To the editors:
I am disappointed that Florence Hamlish Levinsohn, an excellent writer, chose the easy path in her article on the City Colleges of Chicago. While nominally balanced, the effect of the story is to wave away the complexities of the practical issues for a story about a business leader run amuck in his role as chairman of the City Colleges’ board, misapplying business principles to the world of academia.
Like many major corporations, the City Colleges flourished for decades on the strength and growth of the American economy. Educational quality varied from excellent to questionable, but, regardless, the tax revenues flowed freely from state and local sources. The budget was locked into union contracts with accelerating faculty salaries, limited responsibilities, and provisions that kept instructional costs climbing. Faculty teach a load 20 percent lighter than in comparable colleges. College counselors–key staff in advising students–are paid full salaries for meeting students only 25 hours a week. Contracts favorable to the faculty had been won year after year with strong political support from incumbent mayors. Attempts to RIF faculty, including those teaching in fields with negligible student demand, have been defeated year after year under union pressure.
By the time Gidwitz became chairman, the economy had soured and revenues to the City Colleges had plummeted. Major noninstructional layoffs and a large tuition increase nothwithstanding, the district was spending more each month than it took in. Standards varied among the colleges, and in many cases were not defined. The structure of the district and of the colleges was almost unchanged from 20 years ago.
Gidwitz has been clear and straightforward with his intent: quality, efficiency, results. Does he believe strongly in work force training? Absolutely: that is clear from his work at the state level. But as chairman, he has taken great pains not to impose any single direction for the district. Instead, he has imposed process: he has demanded that the colleges develop their own plans and directions and be prepared to defend them, to him and to the public. He candidly raises all the issues, including the most sensitive ones. He asks tough questions. He demands clear, well-documented responses–listening carefully and accepting good answers when he gets them, which is increasingly often. In focusing on the faculty contract, he is facing up to what staff have regarded as the single most limiting factor in changing the City Colleges–and the single, toughest, most politically astute representatives of the status quo.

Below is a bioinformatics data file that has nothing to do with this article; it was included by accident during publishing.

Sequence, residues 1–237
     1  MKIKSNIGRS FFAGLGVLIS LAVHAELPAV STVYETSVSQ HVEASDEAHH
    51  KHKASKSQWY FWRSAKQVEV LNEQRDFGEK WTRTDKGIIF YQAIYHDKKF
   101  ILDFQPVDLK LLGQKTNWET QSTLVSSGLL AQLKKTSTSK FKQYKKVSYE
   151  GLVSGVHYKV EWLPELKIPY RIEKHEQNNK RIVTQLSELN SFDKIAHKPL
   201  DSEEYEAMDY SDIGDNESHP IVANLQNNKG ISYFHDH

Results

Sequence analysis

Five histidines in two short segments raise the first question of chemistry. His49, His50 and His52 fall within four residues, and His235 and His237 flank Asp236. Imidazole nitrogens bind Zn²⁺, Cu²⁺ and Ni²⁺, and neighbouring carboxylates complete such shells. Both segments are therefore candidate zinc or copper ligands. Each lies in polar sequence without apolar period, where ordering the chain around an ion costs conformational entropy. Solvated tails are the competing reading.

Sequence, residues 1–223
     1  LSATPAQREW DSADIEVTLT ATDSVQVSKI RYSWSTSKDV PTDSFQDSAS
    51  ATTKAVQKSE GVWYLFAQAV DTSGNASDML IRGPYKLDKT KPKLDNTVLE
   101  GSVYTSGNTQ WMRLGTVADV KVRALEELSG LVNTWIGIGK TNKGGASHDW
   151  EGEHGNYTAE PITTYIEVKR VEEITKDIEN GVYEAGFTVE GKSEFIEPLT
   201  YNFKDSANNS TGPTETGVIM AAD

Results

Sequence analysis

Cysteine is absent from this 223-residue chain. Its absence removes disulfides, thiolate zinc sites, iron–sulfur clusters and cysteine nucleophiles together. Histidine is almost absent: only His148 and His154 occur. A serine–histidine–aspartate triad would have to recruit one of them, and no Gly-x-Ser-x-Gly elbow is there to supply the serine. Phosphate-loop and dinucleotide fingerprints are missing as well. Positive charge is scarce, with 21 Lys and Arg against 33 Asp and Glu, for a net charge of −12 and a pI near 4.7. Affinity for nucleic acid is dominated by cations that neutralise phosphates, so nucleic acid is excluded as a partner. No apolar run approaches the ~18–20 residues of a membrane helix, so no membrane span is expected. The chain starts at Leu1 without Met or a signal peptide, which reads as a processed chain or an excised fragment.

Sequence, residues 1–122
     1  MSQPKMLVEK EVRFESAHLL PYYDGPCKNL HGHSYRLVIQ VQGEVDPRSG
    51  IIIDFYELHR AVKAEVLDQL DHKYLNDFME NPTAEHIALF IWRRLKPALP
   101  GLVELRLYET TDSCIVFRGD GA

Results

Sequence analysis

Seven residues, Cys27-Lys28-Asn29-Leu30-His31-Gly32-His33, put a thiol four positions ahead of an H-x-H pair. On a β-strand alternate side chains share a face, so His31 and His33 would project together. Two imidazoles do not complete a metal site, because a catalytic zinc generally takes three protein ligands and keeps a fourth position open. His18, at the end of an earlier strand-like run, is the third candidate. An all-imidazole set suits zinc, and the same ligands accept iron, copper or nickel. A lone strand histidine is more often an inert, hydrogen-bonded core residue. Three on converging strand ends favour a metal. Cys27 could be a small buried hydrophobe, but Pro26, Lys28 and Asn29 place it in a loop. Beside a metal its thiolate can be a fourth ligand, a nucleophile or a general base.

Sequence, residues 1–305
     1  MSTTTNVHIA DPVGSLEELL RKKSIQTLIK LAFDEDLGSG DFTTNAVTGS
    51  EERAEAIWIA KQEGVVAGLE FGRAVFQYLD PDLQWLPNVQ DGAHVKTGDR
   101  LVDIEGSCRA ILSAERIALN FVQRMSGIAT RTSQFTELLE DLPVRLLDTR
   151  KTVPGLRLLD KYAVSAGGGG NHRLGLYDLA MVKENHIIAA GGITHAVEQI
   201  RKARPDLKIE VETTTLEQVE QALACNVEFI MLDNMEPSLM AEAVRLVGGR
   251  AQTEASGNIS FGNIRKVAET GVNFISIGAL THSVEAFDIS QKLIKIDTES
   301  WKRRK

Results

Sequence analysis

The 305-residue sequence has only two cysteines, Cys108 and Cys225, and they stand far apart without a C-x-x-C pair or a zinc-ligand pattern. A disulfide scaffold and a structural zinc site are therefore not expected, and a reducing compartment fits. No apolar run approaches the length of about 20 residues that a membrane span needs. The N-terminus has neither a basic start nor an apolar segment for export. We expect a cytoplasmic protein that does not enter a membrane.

Has this been a good year for City College students? No. While class cancellations have probably been less deleterious to students than the newspaper reports have indicated, the reductions have undoubtedly hurt many students, some seriously. Has this been a good year for City College faculty? No. In 1991-2, about one-third of all faculty earned overtime for teaching extra classes–amounts ranging from $3-4,000 for an instructor who taught one extra class for one semester, to perhaps $20,000 for those teaching two extra classes each semester and during the summer. Loss of this income in 1992-3 was unexpected, and for most faculty was hard or impossible to make up from other sources. What about noninstructional staff? They too have suffered; positions have been terminated, vacancies dropped or not filled, staff given dual or triple responsibilities. In any office, at any time, many staff members are unsure if they will be employed next month. Finally, how has the year been for the board? Gidwitz and other board members have been personally vilified, picketed, and insulted, often based on charges regarding positions or actions that the board has explicitly rejected.
The pain of the City Colleges is obvious: it is the pain of America in the 1990s, needing to accomplish more with declining resources. To interpret the City Colleges’ union negotiations in issues of personal style or even in local terms is to miss the historical context. If there is a personal dimension, however, it takes the form of a question. Why would someone as successful and wealthy as Gidwitz, with his pick of new projects to tackle, take on so thankless and difficult a task as helping to refocus and reorganize a major, urban community college district that doesn’t want to be reorganized? It is hard to find a motive beyond the one that issue-oriented writers will never accept: a personal dedication to strengthening Chicago. Whatever the answer, the fact is that fixing the City Colleges is a job that desperately needs doing–and can only be done by someone with the leadership, experience, stature, and strength of a Gidwitz and by a board not afraid to challenge the past.
The issue, then, is not the union negotiations, but where will the City Colleges be three years, five years, and ten years from now? The current negotiations with the union obviously pose serious risks. But this is a time at which there is no alternative to taking risks and paying for the costs of change.